Oklahoma Judge Sentences Teenager to Go to Church for 10 Years

Sunday, November 25, 2012
Judge Mike Norman

Oklahoma Judge Mike Norman believes an alternative to incarceration is requiring people to attend church for a mandatory stretch of time.

 

Norman has handed down church-related sentences several times. But it was his punishment of teenager Tyler Alred that captured national attention, and the opposition of civil libertarians.

 

Alred, 17, pled guilty to manslaughter after he drove his vehicle into a tree, killing a 16-year-old passenger, John Luke Dum. Alred had been drinking, but was not legally drunk.

 

Because Alred was prosecuted as a youthful offender, Norman had more discretion in deciding the teen’s punishment.

 

The judge gave Alred a choice: he could avoid prison as long as he was willing to attend church for ten years, as well as complete high school, train as a welder, and give up alcohol, drugs and tobacco for one year.

 

Alred says he was happy to take church over prison.

 

The American Civil Liberties Union (ACLU) was not happy with Norman’s sentencing, arguing that it represents a clear violation of the First Amendment prohibition against establishment of religion. The ACLU plans to file a complaint against Norman with the Oklahoma Council on Judicial Complaints, which investigates judicial misconduct.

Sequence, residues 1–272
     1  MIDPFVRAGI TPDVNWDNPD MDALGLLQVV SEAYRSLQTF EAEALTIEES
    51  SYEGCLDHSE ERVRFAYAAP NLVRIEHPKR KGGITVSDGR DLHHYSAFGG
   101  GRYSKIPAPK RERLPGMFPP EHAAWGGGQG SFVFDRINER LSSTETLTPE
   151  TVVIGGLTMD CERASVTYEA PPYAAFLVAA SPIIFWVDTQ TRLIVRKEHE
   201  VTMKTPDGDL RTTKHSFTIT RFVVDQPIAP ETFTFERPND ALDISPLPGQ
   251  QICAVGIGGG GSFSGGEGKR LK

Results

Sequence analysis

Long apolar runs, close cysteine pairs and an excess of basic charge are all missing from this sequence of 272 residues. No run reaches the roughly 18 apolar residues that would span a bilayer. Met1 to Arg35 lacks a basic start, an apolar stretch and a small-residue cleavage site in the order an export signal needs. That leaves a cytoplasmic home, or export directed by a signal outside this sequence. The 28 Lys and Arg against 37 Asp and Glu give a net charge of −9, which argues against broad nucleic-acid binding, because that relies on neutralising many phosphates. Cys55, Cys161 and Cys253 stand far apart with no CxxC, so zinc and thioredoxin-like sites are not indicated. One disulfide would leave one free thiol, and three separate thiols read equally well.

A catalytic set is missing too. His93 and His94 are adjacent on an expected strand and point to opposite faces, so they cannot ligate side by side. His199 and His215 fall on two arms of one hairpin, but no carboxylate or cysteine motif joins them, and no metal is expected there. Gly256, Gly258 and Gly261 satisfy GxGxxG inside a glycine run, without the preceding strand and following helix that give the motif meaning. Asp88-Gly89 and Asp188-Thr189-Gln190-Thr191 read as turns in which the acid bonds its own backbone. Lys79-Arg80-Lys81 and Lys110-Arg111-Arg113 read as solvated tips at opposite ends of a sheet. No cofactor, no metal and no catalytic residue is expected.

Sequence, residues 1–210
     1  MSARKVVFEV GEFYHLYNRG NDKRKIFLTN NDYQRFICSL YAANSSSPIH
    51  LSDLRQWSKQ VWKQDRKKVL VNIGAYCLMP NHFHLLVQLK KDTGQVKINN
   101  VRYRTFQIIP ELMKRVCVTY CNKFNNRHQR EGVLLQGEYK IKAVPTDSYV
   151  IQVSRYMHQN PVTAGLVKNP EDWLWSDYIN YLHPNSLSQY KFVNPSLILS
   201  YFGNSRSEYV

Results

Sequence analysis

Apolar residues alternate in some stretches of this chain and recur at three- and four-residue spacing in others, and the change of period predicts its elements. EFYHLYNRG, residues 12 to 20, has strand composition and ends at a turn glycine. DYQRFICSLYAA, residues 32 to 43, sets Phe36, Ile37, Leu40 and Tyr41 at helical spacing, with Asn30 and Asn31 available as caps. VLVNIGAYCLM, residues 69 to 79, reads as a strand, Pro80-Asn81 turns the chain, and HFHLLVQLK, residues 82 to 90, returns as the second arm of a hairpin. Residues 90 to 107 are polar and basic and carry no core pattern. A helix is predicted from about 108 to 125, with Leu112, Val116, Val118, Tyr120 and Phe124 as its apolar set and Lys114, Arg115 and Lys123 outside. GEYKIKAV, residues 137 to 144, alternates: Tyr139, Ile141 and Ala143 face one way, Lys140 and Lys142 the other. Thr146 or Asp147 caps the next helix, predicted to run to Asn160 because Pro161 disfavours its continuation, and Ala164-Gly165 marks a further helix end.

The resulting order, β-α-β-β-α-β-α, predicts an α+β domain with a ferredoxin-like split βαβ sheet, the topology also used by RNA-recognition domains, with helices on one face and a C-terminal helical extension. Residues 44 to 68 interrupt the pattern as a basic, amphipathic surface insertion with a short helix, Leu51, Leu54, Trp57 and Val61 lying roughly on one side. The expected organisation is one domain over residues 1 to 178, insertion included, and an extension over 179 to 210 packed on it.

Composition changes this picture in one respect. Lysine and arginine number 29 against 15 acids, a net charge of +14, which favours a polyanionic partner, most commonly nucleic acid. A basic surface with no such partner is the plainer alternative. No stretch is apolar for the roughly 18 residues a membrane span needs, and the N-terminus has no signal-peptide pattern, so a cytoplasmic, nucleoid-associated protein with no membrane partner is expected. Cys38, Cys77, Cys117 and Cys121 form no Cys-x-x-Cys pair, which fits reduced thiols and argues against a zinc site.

-Noel Brinkerhoff

 

To Learn More:

Constitution Experts Denounce Oklahoma Judge’s Sentencing of Youth to Church (by Erik Eckholm, New York Times)

Judge Tells Okla. Teen Charged With Manslaughter to Attend Church for 10 Years (by Anugrah Kumar, Christian Post)

Oklahoma Judge Sentences Teen to Church for 10 Years (by Christina Lopez, ABC News)

Oregon Inmate Sues to Not Live in a Mission (by Noel Brinkerhoff, AllGov)

Comments

lucy M 2 years ago
So.. The American Civil Liberties Union prefers that this young men be sent to prison? If the judge had send him to jail the UCLU will also complaint. I agreed with JK comments.
Chris 2 years ago
@Mark: People are complaining because by out constitution, you are not allowed to do this. I notice how you shuffle "going to church" under the rug as "getting morals". You have your blinders on sir, Church has never been a catalyst for morals.
Karl M 2 years ago
So what would the judge have done with an atheist driver? Could hardly send them to church? Jail only option for them?
Mark 2 years ago
So the judge gave him a choice of going to prison where his life would be over or completing his education learning a trade getting sober and learning morals and people are complaining? Wtf
Jack H 2 years ago
Nobody ordered him to attend church. The judge offered an option that included attending church services as an alternative to prison. "Go to church or go to prison" is not the same, legally, grammatically, or syntactically, as "Go to church."

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